We came together. Opened up to one another. Had a kickass workout, and had more laughs than we could count. 😂#thankyou to the #girlmeetsstrong #community of #strong, resilient, compassionate women who made it out today at @crossfitencino !! 💪🏼✨💕

Made with Instagram

oh my gaaaaaaaaaaaaaawddddddddddddddddddd!!!

A while ago, I entered GW2Community’s fun raffle thing, not expecting to win or anything.

But it turns out I did! Whoooooooooooooooooooooooop!

Thanks to GW2Community for the great prize. Although [RPS] and I do lots of things for the wider EU playerbase, it’s really GW2Community that consistently field daily PvE activities, rain or shine. Very glad to support them, even if I hadn’t won!

A full list of GW2Community’s events can be found here. Their Facebook page is updated pretty often too.

a major reason I haven’t been active is because I’ve been doing a lot of thinking about the pervasiveness of “identitarian” politics here and elsewhere – i.e., the belief that identities are pre-discursive (I have always hated this word but I don’t have another way of explaining it right now), the kind of politics that attach a moral status to identities, the subsequent construction of identities in terms of/against/contrary to identities considered inherently morally-reprehensible … which ultimately results in the necessity and maintenance of those morally-reprehensible identities + the power relations between those identities, and so on – like, identitarian politics are completely futile and harmful

it’s so overwhelming and I don’t know where or how to begin dissolving it since it’s such an important part of how people understand politics in general


I love butt stuff. I hate spiders. I stole a pen from the bank. I cried during ‘About a Boy’…the soundtrack! I can see why women find Clive Owen attractive to the point where I might just as well be attracted to him. I use comparisons to Hitler to win arguments on the internet at the drop of a hat. I know nothing about wine. I’m more turned on by women in pajamas than lingerie. I just wanna know that they’re comfortable. I didn’t get Inception. I didn’t get Inception! There’s so many layers.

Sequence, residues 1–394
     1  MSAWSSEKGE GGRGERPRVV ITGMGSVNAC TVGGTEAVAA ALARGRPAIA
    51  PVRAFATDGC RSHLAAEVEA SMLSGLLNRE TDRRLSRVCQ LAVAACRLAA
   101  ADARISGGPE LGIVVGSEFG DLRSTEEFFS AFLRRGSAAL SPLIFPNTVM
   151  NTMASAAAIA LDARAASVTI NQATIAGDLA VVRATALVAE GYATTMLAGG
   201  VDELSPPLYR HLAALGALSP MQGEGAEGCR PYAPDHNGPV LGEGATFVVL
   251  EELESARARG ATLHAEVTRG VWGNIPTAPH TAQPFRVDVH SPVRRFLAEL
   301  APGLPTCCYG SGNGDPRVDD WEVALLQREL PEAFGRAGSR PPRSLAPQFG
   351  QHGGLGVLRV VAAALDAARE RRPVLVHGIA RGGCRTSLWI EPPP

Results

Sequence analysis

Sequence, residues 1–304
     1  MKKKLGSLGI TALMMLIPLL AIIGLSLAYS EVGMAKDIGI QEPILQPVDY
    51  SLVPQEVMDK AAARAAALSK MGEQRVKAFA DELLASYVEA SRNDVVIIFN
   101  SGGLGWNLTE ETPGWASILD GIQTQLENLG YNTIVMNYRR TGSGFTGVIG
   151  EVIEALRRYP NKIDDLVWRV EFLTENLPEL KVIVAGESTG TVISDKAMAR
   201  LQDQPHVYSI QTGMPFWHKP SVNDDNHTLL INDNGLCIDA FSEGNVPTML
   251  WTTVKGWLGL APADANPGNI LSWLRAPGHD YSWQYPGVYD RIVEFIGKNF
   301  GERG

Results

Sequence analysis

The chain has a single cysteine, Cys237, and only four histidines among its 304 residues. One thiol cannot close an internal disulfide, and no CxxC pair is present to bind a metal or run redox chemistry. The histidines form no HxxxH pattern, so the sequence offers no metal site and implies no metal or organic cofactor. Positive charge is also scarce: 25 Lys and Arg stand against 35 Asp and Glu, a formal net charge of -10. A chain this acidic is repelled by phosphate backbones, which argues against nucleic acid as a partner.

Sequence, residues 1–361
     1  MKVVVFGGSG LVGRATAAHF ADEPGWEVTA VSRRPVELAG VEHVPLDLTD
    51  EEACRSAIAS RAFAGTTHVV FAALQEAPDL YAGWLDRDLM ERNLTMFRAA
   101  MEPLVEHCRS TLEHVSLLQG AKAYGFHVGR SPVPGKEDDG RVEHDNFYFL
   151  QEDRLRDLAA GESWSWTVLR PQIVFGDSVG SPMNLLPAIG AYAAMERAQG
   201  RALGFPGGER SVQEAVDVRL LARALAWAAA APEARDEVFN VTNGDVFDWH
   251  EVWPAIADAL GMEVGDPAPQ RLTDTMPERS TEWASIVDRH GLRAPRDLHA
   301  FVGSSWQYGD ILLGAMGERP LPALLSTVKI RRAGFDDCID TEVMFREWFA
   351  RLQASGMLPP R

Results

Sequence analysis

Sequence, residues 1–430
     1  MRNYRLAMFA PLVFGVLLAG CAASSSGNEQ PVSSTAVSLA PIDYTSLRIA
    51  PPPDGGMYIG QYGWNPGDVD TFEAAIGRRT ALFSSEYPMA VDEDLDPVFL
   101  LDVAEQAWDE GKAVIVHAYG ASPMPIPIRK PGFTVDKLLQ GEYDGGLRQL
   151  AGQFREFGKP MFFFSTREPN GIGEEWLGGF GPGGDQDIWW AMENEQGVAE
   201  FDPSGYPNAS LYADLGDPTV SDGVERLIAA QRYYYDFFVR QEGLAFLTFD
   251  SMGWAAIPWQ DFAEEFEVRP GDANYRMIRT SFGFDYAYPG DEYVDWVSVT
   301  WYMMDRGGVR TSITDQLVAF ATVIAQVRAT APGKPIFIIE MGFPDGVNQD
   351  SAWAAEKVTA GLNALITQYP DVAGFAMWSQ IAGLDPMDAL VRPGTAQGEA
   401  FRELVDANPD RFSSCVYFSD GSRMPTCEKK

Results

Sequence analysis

Detroit is getting a neighborhood of tiny homes that homeless people rent to own

A local nonprofit organization called Cass Community Social Services is spearheading the project, which will build 25 single-family homes ranging from 250 to 400 square feet. The first house was completed in September, and six more are expected to be built by the end of the year.

At least half of the 25 houses will be occupied by formerly homeless people, with seniors, college students and Cass staff members making up the rest of the population. […]

When they move in, residents will start by signing a one-year lease with a stipulated rent that amounts to no more than one third of their monthly income. They’ll continue to sign new annual leases for their first three years in the home (as long as they pay rent on time and comply with the rest of the terms).

After three years, they’ll be invited to sign a land contract that amounts to the total rent for four subsequent years. After paying that off (seven years after moving in), the resident will legally become the owner of the land and home. Their rent will have essentially bought them the house.

Fowler says the hope is that the homes can become cushions the residents can fall back on in times of crisis, and can allow them to take out loans with better interest rates.

“You have something to leave on generationally in your family, which is part of the American Dream,” [Reverend Faith Fowler, the executive director of Cass] says. […]

Once complete, the neighborhood will also be exceptional for another reason: Each tiny home will look unique. Cass purchased 25 individual sets of architectural plans, ranging from Cape Cod to Victorian to Modern styles.

“Everything is very different on purpose so people have a pride in their home,” Fowler says.

Now that the initial model house is finished, the rest of the homes are expected to be built in batches of six. Because they’re so small, each only requires five weeks of construction and costs an estimated $40,000 to $50,000.

The development is completely funded by private money, much of which has come in the form of grants from organizations like the Ford Motor Company and the RNR Foundation. So far, Cass has raised $800,000 of the desired $1.5 million.